It is the act of normalizing my activity streams that has exposed the fraud that is Twitter.
Don’t be fooled by my blog’s grey and white color scheme, it is actually on the cutting edge of web 2.whatever we’re on right now.
You see, I’ve been posting information to my blog for a little over four years now (slowly but surely), and as I’ve found good sources of ancillary RSS / syndictable content (such is video postings, public bookmarks), I’ve done my best to pull them in so you can get a flavor of who I am. Unfortunately Facebook has beaten the pants off me in regards to the quality of implementation.
They accept multiple RSS input sources and aggregate them into one user-timeline, as well as handling the differentiation between public, private, and protected data, and the associated “social network” aspects of things. In addition to this they do photo hosting, comments, invites, etc., etc., and more etc.
But back to Twitter, I originally wanted to bring my “tweets” into my blog … people at work have started using it, their content is alternately relevant or funny, and thus worth my while, so I check it fairly regularly and have been posting my own little snippets as I run accross them.
Writing thoughtful blog posts is hard, writing witty one-liners is correspondingly easier and would make for a nice snack between my longer blog posts. By putting mah tweets in mah blawg, it made me realize that really they were just short, one-line blog posts, and that the value add of twitter was “Hey this might be relevant or might not be, but you can see who is subscribed to your tweeting, and btw, it’s guaranteed to be short”.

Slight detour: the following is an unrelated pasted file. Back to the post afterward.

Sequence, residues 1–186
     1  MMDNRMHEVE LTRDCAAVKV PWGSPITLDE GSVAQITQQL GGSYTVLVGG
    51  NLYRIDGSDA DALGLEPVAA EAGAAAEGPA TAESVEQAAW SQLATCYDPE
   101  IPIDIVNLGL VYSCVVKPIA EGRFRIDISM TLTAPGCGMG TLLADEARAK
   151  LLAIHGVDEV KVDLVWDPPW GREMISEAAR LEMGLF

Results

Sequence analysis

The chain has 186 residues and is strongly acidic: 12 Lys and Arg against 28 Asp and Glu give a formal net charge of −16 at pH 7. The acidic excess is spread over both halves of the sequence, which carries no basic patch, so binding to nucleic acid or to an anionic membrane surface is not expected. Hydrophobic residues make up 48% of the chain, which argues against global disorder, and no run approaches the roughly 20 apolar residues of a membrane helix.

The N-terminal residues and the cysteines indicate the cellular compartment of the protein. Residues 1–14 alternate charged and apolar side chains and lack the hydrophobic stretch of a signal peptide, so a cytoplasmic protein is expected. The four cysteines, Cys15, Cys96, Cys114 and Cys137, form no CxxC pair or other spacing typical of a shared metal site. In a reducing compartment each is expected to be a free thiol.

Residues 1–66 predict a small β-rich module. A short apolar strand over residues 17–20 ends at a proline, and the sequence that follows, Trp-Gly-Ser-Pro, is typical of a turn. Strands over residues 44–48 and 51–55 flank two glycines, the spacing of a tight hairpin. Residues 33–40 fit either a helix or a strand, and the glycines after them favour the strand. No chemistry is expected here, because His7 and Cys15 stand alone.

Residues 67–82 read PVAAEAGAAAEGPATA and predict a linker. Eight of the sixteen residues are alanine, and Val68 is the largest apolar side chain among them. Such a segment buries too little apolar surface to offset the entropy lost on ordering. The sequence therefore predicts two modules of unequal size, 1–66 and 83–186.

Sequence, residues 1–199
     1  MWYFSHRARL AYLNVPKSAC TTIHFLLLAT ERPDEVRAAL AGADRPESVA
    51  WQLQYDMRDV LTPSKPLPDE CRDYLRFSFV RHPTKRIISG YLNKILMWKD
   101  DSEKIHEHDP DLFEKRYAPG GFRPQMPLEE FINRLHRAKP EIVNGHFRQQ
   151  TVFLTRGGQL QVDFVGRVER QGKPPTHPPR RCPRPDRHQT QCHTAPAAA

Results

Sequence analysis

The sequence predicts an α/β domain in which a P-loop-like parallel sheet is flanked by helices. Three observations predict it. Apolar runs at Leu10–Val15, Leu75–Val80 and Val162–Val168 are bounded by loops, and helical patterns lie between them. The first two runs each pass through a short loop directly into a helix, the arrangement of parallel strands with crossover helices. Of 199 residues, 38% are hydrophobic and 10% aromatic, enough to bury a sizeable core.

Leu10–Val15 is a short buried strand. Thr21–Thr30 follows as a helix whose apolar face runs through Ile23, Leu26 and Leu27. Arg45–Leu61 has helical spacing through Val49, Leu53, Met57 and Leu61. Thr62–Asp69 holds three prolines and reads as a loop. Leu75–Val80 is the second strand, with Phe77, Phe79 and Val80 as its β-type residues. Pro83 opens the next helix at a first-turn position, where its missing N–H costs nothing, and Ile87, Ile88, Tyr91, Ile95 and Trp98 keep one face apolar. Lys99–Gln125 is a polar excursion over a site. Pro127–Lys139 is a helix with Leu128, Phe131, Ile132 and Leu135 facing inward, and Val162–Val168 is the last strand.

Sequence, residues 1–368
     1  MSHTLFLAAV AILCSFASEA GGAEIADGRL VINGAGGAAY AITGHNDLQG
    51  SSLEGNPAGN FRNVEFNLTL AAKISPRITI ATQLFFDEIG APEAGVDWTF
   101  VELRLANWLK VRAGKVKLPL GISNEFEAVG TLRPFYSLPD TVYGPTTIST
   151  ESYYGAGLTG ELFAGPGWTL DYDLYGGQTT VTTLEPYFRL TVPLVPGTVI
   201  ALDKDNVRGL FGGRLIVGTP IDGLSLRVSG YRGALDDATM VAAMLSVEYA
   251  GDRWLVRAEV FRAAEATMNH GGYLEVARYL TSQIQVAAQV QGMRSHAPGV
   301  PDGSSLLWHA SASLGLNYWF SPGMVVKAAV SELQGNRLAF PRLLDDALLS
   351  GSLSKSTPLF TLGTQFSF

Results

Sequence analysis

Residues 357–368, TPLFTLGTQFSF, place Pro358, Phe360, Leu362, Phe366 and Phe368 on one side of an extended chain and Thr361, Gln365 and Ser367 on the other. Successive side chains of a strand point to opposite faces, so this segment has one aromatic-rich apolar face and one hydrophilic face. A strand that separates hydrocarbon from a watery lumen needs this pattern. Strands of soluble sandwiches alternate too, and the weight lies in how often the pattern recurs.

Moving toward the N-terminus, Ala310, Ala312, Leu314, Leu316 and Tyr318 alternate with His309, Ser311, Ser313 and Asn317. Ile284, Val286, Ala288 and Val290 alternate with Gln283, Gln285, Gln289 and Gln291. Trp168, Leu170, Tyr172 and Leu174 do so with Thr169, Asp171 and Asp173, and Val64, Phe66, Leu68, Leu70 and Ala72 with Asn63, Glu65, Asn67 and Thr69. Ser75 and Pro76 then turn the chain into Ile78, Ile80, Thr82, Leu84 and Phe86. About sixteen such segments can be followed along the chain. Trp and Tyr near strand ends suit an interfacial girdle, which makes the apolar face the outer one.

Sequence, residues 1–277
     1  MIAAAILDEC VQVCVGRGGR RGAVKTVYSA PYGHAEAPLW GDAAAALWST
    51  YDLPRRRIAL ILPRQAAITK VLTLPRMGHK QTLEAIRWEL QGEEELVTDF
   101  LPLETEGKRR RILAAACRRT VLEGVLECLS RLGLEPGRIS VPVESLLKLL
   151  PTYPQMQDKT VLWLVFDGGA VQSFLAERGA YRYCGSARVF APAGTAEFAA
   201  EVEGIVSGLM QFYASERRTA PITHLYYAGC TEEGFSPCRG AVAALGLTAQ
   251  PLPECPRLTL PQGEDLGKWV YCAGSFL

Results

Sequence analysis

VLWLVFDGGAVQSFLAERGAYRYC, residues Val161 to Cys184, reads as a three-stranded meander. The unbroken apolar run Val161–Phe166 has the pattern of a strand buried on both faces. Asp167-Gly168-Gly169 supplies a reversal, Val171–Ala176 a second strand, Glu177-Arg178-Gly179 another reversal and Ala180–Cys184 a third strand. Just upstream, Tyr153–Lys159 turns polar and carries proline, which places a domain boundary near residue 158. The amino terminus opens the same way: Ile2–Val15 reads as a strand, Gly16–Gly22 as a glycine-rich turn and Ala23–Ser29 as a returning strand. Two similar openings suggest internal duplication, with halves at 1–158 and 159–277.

Twitter does a bunch of stuff ~socially~ that is interesting:
…but fundamentally RSS is public email, your social web is public address book, and “direct messages” are email-writ-small.
And when I say “public” I really mean “public, private, protected, or segregated into groups”. So any VC people who are looking for the next big thing, here is your recipe for success:
Facebook is on the right track … if they could snarf up Twitter and Linked-In, they’d almost have a lock on all social networks. If they added in some extra sending / receiving options and tied in a bit better with physical devices in the real world (ie: calendaring + invites + twittering) they’d be totally awesome except for the fact that everything is hidden behind requiring a Facebook login.
The funny thing is that I can envision a future where “Facebook” replaces email, but currently Facebook requires an email address to log in.
And my bash tweet?
“Use comments with bash commands so you can edit them in your history: echo !123 or #<paste><enter> will display and edit, but not execute”
Remind me again What do I need twitter for?
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